// wrong code...
class User extends Model extends Encoder {
    protected $table = 'users';
}

Of course we can't do above. We can't extend a class with multiple classes since in PHP you can only do single inheritance.

So another thought that comes to mind is to extend Modelclass instead:

abstract class Model extends Encoder {
    // ....
}

And this would certainly work and we would have Encoder functionality available in all our model classes where we can use it the way we need. But think about it. Is it good idea to have Model and Encryption functionality mixed up ? They are totally different things and it doesn't sound like good idea to put encryption logic into your business logic. But then how ? We can use traits !

So let's convert previous Encoder class into a trait:

trait Encoder {
    public static function encrypt($text, $key) {
        // code to encrypt text
    }

    public static function decrypt($text, $key) {
        // code to decrypt text
    } 
}

And to use that trait in some other classes, we need to use it using use Encoder; syntax, so let's add this functionality in our classes:

class User extends Model {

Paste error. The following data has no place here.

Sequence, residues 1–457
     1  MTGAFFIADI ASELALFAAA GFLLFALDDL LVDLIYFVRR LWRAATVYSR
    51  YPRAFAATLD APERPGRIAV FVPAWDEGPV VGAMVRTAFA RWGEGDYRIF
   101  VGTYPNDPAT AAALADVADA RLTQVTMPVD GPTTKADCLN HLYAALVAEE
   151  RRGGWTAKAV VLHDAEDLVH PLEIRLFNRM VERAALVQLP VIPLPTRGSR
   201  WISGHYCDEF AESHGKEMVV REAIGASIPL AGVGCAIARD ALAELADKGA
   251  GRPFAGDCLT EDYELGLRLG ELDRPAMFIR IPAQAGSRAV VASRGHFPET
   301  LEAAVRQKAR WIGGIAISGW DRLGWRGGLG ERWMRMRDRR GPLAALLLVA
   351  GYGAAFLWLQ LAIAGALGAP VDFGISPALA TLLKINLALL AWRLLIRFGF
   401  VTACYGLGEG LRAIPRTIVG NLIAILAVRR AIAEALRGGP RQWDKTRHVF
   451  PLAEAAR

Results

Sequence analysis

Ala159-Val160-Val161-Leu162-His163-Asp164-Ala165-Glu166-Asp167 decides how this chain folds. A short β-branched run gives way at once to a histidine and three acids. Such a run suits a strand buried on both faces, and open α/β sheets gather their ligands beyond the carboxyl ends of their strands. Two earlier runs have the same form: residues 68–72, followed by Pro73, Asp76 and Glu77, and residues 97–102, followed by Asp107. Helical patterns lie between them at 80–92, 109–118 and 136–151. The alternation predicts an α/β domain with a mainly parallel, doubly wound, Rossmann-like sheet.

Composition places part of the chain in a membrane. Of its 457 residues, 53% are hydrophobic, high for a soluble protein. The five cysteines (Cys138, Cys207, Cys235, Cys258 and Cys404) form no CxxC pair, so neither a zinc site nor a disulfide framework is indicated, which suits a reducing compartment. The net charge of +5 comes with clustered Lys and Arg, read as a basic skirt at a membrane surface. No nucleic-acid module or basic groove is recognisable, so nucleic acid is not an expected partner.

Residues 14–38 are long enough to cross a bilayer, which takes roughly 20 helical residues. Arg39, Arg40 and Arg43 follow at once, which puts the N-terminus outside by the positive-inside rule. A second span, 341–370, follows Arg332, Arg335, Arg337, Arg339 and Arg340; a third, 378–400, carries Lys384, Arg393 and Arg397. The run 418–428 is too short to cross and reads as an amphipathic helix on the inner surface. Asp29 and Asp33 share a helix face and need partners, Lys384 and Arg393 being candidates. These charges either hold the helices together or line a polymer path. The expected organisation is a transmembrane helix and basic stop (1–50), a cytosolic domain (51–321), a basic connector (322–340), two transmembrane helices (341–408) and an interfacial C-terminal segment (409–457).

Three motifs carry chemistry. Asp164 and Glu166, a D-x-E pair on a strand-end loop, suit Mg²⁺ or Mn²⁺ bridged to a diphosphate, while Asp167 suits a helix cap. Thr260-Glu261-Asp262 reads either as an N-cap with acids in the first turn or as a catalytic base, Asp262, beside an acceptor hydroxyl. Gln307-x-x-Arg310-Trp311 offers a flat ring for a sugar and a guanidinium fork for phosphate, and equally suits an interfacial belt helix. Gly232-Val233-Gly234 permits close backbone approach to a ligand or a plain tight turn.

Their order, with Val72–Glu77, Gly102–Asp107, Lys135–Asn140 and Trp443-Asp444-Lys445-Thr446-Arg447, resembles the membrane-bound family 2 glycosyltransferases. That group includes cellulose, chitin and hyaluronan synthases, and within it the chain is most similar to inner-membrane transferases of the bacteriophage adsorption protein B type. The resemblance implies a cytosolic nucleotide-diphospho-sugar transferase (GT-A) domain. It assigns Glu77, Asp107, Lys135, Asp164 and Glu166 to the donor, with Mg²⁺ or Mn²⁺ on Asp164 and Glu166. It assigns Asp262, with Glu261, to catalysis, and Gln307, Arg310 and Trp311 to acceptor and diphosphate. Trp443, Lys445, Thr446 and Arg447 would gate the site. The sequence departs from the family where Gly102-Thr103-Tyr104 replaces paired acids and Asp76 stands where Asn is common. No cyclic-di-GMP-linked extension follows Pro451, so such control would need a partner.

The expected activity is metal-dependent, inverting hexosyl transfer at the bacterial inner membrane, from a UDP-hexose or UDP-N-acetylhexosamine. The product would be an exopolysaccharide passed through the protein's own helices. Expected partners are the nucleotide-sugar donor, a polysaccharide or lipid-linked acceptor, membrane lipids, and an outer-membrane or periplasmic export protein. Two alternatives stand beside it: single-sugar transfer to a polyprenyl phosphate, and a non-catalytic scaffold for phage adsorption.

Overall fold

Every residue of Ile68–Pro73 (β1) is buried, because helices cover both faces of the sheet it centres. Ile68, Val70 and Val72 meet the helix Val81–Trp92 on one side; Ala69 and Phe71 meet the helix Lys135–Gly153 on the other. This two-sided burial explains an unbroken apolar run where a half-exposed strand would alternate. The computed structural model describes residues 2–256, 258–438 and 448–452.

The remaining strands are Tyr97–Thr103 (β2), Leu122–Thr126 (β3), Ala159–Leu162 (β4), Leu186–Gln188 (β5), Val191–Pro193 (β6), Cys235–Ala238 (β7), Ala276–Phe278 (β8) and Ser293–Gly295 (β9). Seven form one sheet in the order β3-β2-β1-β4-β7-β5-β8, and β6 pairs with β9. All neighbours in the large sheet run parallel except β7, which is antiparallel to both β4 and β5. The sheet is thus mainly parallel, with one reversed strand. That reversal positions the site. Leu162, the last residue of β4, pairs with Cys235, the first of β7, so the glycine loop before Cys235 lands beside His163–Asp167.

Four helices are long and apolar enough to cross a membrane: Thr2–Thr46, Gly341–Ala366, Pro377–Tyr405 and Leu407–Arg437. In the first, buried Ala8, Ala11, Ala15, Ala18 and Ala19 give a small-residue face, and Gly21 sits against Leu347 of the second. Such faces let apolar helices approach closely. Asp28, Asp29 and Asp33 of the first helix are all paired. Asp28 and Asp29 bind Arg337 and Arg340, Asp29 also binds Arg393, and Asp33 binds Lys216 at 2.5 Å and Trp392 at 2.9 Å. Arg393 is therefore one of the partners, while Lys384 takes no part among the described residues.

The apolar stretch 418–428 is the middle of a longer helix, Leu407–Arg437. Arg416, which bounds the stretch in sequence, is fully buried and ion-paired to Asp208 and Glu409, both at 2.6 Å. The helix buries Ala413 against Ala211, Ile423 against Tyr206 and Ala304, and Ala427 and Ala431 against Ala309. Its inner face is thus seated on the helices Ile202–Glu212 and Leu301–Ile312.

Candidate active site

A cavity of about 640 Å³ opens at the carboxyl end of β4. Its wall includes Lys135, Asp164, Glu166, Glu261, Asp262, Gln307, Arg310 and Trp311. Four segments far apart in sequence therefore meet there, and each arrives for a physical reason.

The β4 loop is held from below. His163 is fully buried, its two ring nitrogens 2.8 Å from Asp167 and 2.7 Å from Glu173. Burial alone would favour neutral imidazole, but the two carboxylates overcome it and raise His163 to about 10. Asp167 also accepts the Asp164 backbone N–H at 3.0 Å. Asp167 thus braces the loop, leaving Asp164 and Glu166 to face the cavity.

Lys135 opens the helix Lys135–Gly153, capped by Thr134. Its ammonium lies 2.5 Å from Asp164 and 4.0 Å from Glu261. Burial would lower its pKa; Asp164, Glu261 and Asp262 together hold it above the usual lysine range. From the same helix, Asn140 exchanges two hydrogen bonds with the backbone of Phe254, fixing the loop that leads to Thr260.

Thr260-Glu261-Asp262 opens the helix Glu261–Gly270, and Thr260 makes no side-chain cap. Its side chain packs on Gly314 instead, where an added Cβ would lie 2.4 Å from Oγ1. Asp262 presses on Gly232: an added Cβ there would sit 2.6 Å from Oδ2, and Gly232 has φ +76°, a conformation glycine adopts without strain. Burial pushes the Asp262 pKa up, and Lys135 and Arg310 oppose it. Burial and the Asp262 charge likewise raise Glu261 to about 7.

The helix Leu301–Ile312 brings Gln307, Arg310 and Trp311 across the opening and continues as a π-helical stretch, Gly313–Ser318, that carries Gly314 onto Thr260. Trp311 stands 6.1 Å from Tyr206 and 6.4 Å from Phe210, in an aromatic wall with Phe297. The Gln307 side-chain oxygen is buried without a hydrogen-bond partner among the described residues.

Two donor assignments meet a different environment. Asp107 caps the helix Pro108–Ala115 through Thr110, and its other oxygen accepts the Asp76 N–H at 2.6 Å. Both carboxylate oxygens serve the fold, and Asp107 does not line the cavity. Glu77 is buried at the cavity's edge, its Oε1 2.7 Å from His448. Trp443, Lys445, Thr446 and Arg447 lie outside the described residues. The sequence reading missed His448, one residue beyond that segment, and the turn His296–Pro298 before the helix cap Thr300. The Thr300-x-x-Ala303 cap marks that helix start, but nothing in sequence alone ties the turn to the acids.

use Encoder;
    protected $table = 'users';
}

class Message extends Model {
    use Encoder;
    protected $table = 'messages';
}

And now not only our classes inherit functionality from base Model class but also can use the functionality of Encoder trait. We were also able to separate encryption logic from core model logic. So inside our User and Message classes, we can now use $this->encrypt() or $this->decrypt() methods as though they were defined in them (Actually that's what PHP does at runtime). We have been able to overcome the shortcoming of single inheritance.

So now when you re-look the definition of traits given at top of this post, it should make better sense. So traits are noting but a way of code-reuse. To learn more about traits and their characteristics, please refer to its documentation.

Note: One might argue our User and Message classes are also model logic under the hood but this is just an example to give an idea of traits. We could have had controllers or other concrete classes too where we needed common functionality.